The move by the Guardian Council, announced yesterday, to deem former president Ali Akbar Hashemi Rafsanjani unqualified to run in the upcoming presidential election was accepted by some elements of Iranian political society – particularly among the more conservative elements of the Principlist camp – but came as a shock to many of his supporters, who tend to lie in the reformist and centrist segments of the Iranian political spectrum. Below are four translated excerpts of reactions from notable Rafsanjani supporters in Iran.
Tehran MP Ali Motahari, a frequent conservative critic of Ahmadinejad and a leading Principlist supporter of Rafsanjani’s candidacy, in an open letter to Supreme Leader Ali Khamenei appealing Rafsanjani’s disqualification:
“This disqualification, with was made based on the two unjustified reasons of physical incapacity and playing a role in the sedition of 1388 (2009), will inflict serious damage on the upcoming election, and will not contribute to correctly building the political epic you are seeking. I strongly believe that, if Imam Khomeini himself had, under a different name, participated in this election, even he would have been disqualified, for even he faced some criticism at times. Be informed that, with the entrance of Mr. Hashemi into the election, such enthusiasm erupted among the people and such hope entered their hearts for a reform of problems and for expedited progress of the nation, and that with his disqualification, naturally this enthusiasm and hope has disappeared.”
(For further coverage of this letter in English, visit Al Monitor.)
Elsewhere, Motahari mocked what he saw as the arbitrary nature of the “physical capacity” justification for Rafsanjani’s disqualification, telling Mehr News, “I propose that, to assess the physical capacity of Mr. Hashemi, there be a 200 meter race between him and Mr. Jalili [who reportedly lost part of a leg in the Iran-Iraq War] and a wrestling match between him and Mr. Haddad-Adel.”
Reformist political analyst and professor Sadegh Zibakalam, writing on his Facebook page:
“The atmosphere that took hold in our society after the registration of Mr. Hashemi was reminiscent of that of the 2nd of Khordad, 1376 [the date on which Mohammad Khatami won a sweeping victory in the 1997 presidential election]. I was personally surprised by the extent of the celebrations and the wave of happiness and jubilation that erupted. In the week that followed, I saw many people, including academics, bazaaris, and others, who would say that they had planned not to vote but were doubting that decision with the arrival of Hashemi. I believe that Mr. Hashemi’s age is just an excuse and the true reason [for his disqualification] is the wave that occurred in society and caused deep worry to the Principlists. I believe that…we were heading for another 2nd of Khordad. How did they wish to stop this wave? The wave was either leading to a 2nd of Khordad of 1376 or to a 22nd of Khordad of 1388 [the date of the disputed re-election of Ahmadinejad in 2009].”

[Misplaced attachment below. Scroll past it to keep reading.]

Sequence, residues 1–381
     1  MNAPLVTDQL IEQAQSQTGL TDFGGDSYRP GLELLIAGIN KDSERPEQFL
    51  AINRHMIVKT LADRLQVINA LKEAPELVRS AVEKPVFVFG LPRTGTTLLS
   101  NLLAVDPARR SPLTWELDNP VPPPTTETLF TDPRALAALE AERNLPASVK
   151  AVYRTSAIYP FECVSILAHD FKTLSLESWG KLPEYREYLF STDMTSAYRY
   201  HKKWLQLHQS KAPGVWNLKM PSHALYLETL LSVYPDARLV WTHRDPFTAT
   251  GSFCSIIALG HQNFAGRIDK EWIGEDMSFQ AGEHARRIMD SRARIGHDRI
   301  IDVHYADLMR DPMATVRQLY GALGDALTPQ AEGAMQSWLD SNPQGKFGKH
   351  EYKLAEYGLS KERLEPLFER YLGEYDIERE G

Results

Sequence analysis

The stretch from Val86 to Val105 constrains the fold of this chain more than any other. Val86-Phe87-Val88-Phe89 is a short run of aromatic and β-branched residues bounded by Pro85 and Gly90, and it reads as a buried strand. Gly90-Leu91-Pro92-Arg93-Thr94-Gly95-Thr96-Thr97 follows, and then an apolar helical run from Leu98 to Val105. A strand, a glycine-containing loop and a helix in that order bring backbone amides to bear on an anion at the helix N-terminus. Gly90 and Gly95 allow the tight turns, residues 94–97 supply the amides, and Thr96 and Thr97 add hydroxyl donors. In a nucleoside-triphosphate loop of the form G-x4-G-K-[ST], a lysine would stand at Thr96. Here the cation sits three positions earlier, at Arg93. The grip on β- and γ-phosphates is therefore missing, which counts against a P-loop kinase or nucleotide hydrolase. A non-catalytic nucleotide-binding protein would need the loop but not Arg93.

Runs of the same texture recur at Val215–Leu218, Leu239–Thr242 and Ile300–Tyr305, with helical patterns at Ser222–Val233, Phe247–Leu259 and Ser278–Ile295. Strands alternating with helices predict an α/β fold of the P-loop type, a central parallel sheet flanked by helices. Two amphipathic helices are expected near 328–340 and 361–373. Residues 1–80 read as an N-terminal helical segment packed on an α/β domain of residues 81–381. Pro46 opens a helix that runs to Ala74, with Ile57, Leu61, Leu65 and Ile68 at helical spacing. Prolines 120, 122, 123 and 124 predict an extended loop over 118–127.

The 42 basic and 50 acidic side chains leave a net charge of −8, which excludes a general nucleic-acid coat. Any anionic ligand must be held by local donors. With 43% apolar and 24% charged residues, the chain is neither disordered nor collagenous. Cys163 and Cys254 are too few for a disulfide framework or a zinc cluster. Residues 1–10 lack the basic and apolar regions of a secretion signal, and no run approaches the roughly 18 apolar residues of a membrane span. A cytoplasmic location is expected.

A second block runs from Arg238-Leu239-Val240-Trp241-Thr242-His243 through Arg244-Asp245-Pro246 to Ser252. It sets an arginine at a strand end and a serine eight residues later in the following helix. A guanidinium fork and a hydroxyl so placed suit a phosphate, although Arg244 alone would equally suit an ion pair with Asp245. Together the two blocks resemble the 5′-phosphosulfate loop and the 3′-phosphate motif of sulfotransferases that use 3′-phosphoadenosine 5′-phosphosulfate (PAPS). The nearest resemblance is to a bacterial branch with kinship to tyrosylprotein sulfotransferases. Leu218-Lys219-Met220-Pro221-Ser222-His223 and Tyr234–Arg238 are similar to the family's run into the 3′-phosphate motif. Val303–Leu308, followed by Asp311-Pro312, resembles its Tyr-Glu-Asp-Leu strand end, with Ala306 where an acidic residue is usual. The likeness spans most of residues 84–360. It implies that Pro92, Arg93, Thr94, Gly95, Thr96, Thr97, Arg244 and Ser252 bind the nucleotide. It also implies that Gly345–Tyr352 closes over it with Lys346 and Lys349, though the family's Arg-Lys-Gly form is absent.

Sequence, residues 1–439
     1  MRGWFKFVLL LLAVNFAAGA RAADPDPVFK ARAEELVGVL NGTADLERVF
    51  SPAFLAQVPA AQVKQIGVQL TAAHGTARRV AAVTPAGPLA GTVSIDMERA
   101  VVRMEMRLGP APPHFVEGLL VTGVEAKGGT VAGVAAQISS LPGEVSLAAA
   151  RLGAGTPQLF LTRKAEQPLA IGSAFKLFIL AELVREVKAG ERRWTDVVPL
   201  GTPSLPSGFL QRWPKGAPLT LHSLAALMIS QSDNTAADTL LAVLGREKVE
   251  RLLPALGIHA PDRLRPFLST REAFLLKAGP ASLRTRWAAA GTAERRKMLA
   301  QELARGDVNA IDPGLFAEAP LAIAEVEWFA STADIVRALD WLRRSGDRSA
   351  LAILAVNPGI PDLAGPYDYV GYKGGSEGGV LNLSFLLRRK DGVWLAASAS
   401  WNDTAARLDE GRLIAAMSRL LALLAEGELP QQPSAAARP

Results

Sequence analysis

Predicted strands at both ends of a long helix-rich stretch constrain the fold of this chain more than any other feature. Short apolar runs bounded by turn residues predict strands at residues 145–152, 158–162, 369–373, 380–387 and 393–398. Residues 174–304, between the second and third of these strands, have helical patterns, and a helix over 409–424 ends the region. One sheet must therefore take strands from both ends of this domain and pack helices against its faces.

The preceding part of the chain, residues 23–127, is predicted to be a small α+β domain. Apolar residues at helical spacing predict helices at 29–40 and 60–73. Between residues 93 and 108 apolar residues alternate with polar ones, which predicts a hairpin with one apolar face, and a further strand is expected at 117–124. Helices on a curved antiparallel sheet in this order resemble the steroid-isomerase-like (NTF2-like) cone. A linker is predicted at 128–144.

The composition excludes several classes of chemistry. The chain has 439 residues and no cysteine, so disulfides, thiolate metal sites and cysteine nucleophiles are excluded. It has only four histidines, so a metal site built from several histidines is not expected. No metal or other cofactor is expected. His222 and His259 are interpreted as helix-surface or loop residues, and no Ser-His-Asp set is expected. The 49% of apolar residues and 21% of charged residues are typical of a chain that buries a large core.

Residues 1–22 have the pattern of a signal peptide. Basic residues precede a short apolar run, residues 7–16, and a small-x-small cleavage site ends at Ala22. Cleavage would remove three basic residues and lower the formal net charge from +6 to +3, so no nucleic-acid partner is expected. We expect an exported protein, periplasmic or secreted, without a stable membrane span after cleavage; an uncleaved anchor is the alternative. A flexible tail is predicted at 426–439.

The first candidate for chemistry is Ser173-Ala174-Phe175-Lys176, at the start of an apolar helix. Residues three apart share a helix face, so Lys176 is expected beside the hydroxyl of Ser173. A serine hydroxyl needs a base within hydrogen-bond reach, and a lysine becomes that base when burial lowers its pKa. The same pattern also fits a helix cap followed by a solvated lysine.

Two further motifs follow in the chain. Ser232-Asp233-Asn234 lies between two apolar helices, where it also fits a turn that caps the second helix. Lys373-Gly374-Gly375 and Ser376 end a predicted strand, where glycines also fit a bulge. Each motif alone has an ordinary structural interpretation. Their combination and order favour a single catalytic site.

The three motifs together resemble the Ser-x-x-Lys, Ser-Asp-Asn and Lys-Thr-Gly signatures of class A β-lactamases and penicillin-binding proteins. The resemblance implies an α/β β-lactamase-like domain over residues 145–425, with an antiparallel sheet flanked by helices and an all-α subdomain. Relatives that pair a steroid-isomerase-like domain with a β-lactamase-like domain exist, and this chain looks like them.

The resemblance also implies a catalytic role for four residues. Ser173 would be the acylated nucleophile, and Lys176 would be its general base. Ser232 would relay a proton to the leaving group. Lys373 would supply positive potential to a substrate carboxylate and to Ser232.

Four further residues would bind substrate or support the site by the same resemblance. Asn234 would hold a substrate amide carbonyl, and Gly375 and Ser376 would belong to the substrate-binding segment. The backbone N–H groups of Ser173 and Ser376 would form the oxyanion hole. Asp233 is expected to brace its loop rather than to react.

Zahra Mostafavi, politician and daughter of Khomeini, in open letter of appeal to Khamenei:
“The very day that I heard the Imam [Khomeini] express his approval of yourself to be the leader – and I have always defended and expressed that view myself when necessary – I also learned of the approval of Mr. Hashemi’s qualification, for the Imam mentioned his name too, just after yours. Fortunately, and as you deserved, you were elected by the Assembly of Experts, and I did not see the need to bring up his comments on this matter. But unfortunately, today I see that the Guardian Council has taken it upon itself to disqualify [Hashemi] from the presidency. As a sister, I tell you that this action has no purpose but to insert distance in between two companions of the Imam and to neglect the delight and happiness the people on the street had found for the system.”
(For further coverage of her remarks in English, visit Al Monitor.)
Naimeh Eshraghi, Granddaughter of Khomeini and reformist activist, as quoted in remarks to the Tasnim news site
“Advanced age is not something for the Guardian Council to assess, as the law allows for people of that age to become candidates for the presidency. If the Guardian Council disqualified Hashemi, it should have a convincing reason to do this…and Mr. Hashemi will certainly react via legal means, although I do not believe that he will show objection in this matter. The solution to Mr. Hashemi’s disqualification by the Guardian Council is not to crowd the streets in protests and creating disturbances.”
[The protests constitute] one of the most serious crises Iran has faced in the past 25 years... We now see that Iranians are willing to take profound risks to challenge the regime directly in a way we have not seen in years.